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Hal Brands

South America Is a Battlefield in the New Cold War

The Venezuela crisis is a test of Russian and Chinese power in America’s backyard.

Oil is greasing this handshake.

Oil is greasing this handshake.

Photographer: Leo Ramirez/AFP/Getty Images

The political crisis in Venezuela has pitted the U.S. against a dictator who refuses to leave office. But the crisis has a broader significance: It shows that Latin America has again become an arena in which rival great powers struggle for influence and advantage. As the U.S. faces surging geopolitical rivalry around the world, its position is also coming under pressure in its own backyard.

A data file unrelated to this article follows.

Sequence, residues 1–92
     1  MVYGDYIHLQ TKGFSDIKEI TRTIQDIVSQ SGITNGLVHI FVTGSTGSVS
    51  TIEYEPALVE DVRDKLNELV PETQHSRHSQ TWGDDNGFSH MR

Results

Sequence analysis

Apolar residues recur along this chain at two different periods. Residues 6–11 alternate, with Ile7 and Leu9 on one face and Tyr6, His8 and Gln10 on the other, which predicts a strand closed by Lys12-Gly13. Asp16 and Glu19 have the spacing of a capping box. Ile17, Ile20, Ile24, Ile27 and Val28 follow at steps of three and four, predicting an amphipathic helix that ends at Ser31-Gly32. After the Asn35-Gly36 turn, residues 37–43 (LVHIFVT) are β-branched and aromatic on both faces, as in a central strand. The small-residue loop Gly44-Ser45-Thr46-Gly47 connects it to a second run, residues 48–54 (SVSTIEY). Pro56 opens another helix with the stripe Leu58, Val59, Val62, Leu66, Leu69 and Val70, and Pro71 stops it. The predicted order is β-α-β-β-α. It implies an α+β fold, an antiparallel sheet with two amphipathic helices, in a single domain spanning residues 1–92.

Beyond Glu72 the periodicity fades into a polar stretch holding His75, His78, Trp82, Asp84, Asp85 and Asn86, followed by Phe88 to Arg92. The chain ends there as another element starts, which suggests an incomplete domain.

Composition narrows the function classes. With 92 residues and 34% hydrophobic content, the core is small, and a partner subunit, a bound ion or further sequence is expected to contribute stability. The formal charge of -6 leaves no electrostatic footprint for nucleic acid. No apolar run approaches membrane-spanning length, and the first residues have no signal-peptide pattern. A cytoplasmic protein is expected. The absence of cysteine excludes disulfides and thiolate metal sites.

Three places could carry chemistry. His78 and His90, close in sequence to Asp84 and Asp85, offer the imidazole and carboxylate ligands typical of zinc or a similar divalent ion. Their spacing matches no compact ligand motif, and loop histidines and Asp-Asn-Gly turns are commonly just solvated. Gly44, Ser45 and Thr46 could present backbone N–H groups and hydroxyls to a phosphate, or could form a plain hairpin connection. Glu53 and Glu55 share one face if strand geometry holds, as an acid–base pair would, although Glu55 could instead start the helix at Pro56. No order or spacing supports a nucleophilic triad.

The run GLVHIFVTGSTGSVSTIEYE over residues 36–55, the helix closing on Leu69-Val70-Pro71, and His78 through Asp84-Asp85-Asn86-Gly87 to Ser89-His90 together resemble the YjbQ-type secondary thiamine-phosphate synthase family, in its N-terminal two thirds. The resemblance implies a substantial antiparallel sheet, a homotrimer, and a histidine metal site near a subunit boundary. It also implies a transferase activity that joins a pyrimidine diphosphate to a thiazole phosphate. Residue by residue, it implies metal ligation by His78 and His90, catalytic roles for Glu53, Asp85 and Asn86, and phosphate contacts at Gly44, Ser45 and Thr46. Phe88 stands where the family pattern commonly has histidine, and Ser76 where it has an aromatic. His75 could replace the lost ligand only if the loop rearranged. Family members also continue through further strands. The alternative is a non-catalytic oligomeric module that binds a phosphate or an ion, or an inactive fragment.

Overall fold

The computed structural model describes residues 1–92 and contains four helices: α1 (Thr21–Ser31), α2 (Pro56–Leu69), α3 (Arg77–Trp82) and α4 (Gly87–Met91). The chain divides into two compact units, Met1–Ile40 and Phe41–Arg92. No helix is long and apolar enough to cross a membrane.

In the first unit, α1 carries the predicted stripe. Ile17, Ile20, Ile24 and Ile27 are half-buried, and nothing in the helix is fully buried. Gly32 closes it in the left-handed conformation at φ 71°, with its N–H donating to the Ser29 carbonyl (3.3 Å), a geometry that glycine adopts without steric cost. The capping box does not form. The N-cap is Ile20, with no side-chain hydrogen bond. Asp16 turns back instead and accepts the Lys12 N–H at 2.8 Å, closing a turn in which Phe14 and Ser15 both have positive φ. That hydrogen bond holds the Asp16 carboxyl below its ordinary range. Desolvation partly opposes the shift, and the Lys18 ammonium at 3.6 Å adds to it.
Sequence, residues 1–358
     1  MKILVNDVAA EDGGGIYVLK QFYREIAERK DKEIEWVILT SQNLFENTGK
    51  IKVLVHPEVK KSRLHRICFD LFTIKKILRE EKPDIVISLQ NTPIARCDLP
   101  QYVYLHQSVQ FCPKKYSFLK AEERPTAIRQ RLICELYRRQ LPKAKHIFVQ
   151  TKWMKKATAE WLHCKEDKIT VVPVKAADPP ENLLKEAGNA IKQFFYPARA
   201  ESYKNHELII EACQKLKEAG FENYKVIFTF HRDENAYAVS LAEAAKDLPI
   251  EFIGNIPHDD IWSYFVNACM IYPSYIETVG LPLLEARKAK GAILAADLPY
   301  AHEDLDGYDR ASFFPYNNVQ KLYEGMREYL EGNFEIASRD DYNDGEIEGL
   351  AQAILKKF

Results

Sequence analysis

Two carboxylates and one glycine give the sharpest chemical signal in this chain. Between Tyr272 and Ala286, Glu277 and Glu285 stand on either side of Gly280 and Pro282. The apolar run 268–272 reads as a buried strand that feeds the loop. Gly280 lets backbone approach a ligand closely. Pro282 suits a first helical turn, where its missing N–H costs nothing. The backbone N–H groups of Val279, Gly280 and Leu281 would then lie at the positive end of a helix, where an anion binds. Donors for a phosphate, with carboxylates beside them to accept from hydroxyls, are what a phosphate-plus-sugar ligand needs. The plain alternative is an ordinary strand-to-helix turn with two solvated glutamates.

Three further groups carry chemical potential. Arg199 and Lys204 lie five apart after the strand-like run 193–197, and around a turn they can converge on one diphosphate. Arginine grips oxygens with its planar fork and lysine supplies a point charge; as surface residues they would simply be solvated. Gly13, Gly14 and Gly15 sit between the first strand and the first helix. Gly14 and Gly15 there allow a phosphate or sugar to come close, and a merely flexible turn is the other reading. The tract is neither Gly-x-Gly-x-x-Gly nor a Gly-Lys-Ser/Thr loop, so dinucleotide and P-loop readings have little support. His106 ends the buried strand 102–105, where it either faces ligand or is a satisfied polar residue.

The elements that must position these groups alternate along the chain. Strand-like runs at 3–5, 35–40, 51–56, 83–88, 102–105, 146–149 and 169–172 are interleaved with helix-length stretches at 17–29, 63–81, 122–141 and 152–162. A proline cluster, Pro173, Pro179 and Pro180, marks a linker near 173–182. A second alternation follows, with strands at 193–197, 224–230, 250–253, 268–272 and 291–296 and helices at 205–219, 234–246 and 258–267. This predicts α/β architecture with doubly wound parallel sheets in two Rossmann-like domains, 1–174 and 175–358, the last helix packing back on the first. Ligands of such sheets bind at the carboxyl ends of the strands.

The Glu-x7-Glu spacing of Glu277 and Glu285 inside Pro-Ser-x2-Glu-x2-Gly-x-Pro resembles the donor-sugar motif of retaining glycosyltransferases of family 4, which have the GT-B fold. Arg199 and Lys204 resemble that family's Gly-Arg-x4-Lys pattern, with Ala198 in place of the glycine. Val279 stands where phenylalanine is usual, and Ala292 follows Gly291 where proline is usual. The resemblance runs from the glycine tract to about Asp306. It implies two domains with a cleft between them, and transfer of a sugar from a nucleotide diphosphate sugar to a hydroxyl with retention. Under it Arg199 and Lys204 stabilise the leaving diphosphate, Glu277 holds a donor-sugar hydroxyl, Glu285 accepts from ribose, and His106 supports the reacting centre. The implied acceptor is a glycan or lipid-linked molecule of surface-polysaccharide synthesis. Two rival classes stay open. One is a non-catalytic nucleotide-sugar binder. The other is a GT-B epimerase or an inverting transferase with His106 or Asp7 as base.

The region has been the focus of global competition before, of course, from the Spanish-Portuguese rivalry of the 15th and 16th centuries to the Cold War between Washington and Moscow. But after the fall of the Soviet Union, Latin America seemed — for a time, at least — to have become a geopolitics-free zone. The retreat and disintegration of the Soviet Union left the U.S. with no challenger for predominant regional influence. Castro’s Cuba turned inward, consumed by a profound economic crisis. As countries democratized and embraced free markets, the region became essentially unipolar in an ideological sense, as well.